The perils of China for Google, Apple

SAN FRANCISCO — Several years ago, when Google was making a strong push to boost search traffic and ad sales in China, one of its competitors there reportedly had a cunning idea.

The company was said to have compiled a list of alleged violations of China’s censorship laws committed by Google, a list it then presented to that country’s Internet police.

It’s not hard to imagine that it would be long, given that Google’s search algorithm was designed to produce results without regard to the sensitivities of a one-party government that represses political dissent.

Soon after, visitors to the company’s website were being redirected to the site of, according to my source, a veteran executive of technology and media companies who is now running a consumer Internet start-up he founded.

In a previous job, this executive was charged with developing a market in China for a U.S.-based media company.

In the spring of 2010, four years after it entered the China market, Google shut down its service, after repeated cyberattacks against its servers, which it had traced to that country.

When Google exited mainland China in 2010 (it still operates a Hong Kong-based site) had a leading 63% share of that search market, while Google was a distant No. 2.

In early 2006, when Google first agreed to begin censoring its results in China, the company held a 27% share of the search market there, compared with’s 47%.

The latest market share figures, compiled by market analytics firm CNZZ, show that Google is now in fifth place, with 3% of the China search market. controls two-thirds of the market, and three other China-based rivals have larger search businesses than Google.

Meanwhile, it’s widely reported that Apple will begin marketing two new phones it will unveil next month. One is a lower-price version, dubbed the 5c, designed for developing markets such as China, where Apple got a quarter of its sales, or $4.6 billion, during the quarter ended in June.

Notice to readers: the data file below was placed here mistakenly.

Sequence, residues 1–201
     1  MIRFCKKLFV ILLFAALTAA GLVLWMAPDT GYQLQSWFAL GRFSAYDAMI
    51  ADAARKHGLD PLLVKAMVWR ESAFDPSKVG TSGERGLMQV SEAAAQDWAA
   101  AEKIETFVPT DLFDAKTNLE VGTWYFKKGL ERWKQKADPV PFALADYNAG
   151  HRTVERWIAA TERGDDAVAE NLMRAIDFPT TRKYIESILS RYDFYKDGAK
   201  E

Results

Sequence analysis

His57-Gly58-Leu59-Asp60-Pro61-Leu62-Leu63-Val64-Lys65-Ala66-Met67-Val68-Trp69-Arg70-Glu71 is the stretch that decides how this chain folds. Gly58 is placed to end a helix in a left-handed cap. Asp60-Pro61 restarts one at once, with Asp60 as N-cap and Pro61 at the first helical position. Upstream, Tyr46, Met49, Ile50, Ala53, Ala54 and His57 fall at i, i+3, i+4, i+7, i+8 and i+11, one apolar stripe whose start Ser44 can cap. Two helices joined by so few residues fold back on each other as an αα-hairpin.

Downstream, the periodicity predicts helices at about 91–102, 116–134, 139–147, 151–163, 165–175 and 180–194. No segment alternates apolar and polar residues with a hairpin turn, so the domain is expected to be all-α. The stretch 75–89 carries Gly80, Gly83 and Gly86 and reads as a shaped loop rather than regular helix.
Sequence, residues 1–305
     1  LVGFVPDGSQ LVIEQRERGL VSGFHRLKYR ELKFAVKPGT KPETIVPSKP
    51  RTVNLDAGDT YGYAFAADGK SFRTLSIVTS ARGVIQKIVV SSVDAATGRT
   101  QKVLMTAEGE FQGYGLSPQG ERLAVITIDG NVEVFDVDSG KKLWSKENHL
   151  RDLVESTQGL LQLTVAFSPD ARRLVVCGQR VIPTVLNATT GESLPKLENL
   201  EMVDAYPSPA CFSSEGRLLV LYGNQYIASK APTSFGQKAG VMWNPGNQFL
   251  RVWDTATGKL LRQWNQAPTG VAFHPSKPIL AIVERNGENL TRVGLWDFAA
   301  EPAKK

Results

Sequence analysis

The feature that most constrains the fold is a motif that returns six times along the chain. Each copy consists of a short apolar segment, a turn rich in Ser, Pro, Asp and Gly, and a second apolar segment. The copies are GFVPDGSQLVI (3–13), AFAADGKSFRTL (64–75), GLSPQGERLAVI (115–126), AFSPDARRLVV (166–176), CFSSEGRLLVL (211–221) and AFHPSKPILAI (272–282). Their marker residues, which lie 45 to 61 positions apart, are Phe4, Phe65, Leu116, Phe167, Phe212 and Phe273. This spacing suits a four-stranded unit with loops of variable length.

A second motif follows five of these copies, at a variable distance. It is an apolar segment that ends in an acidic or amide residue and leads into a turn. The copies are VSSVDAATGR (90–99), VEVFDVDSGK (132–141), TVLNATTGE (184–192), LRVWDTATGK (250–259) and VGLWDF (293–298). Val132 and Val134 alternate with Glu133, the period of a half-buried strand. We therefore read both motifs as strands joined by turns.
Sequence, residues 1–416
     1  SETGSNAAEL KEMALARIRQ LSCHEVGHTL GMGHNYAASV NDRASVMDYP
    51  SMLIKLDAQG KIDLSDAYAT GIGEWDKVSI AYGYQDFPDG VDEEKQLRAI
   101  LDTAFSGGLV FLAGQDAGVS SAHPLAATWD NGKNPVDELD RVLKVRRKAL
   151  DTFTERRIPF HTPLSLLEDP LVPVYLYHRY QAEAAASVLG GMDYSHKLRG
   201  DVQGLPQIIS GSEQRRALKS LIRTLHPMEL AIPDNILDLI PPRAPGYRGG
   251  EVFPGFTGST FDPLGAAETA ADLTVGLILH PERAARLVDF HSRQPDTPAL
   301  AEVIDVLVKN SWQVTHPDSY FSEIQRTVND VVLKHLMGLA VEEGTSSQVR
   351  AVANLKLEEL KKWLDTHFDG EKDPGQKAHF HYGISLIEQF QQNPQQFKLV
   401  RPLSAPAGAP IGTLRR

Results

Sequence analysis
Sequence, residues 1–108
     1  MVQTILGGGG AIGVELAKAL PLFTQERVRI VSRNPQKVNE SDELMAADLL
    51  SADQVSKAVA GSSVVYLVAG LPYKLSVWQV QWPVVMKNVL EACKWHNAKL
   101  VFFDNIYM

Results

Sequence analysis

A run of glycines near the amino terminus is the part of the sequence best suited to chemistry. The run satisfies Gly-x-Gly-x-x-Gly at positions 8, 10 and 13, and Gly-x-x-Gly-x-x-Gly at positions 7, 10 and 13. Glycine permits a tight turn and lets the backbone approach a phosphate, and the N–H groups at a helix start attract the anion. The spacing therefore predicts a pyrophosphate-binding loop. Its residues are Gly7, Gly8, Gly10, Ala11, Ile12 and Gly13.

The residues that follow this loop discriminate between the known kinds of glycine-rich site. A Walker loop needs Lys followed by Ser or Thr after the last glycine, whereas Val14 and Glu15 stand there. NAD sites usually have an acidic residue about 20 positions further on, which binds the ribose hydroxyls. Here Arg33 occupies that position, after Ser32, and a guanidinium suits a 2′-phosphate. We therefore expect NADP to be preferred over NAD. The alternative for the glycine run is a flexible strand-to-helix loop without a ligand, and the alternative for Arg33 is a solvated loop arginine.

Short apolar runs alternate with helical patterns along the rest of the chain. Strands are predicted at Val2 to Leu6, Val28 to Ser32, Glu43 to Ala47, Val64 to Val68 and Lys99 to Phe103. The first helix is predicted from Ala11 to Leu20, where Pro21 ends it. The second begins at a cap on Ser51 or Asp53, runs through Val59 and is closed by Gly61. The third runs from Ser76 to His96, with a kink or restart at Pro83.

Yet, the China market was a drag on growth in Apple’s latest quarter, rather than a boost. As noted in a previous column, Apple’s sales in China fell 14% during the most recent quarter, even while they climbed 15% during the first nine months of the fiscal year.

The reversal of Apple’s sales momentum in China came after China’s state-run media ran critical stories about the company’s warranty policy in that country, the terms of which were less consumer-friendly than the one offered to consumers in the Americas.

After government officials made critical comments of Apple in those stories, Apple CEO Tim Cook issued a public apology about the warranty policy.

Will that apology make a difference to Apple’s fortunes in China? The answer is hard to predict.

At the same time, a team of analysts from Citigroup’s Asian brokerage operation examined the components of the iPhone 5c and found that the device will likely cost around $390 at the wholesale level. The average cost of a cellphone in the region, they wrote, is about $225.

The high price point could prompt wireless carriers in China to balk at carrying the phone, Citigroup analyst Glenn Yeung wrote in a report. He added, “Our Asia team revised down their build forecast,” meaning how many of the new devices they estimate Apple will produce for Asia.

Yet, even if Apple should get onto one or more of the wireless networks in China, the world’s largest smartphone market, and get the pricing right, there is no history to suggest that they’ll receive a warm reception, now that officials have publicly identified the company as discriminating against consumers there.

Apple’s business in the Americas was strong again last quarter, with sales rising almost 13% to $14.4 billion, even as the company’s iOS software loses global market share to Google’s Android mobile operating system.

Given Google’s track record in China, Cook may want to re-evaluate his company’s financial investment there if sales continue to fall in the second half of this year.

Whether he succeeds is something we won’t know until January, after Apple reports a full quarter of results that include sales of its new phones.

Given that the stock market usually prices shares on their estimated worth roughly six months out, that earnings report is the one that will determine whether growth investors still betting on the stock will be rewarded or punished.

Follow this columnist on Twitter @johnshinal

John Shinal has covered tech and financial markets for 15 years at Bloomberg, BusinessWeek, the San Francisco Chronicle, Dow Jones MarketWatch, Wall Street Journal Digital Network and others.

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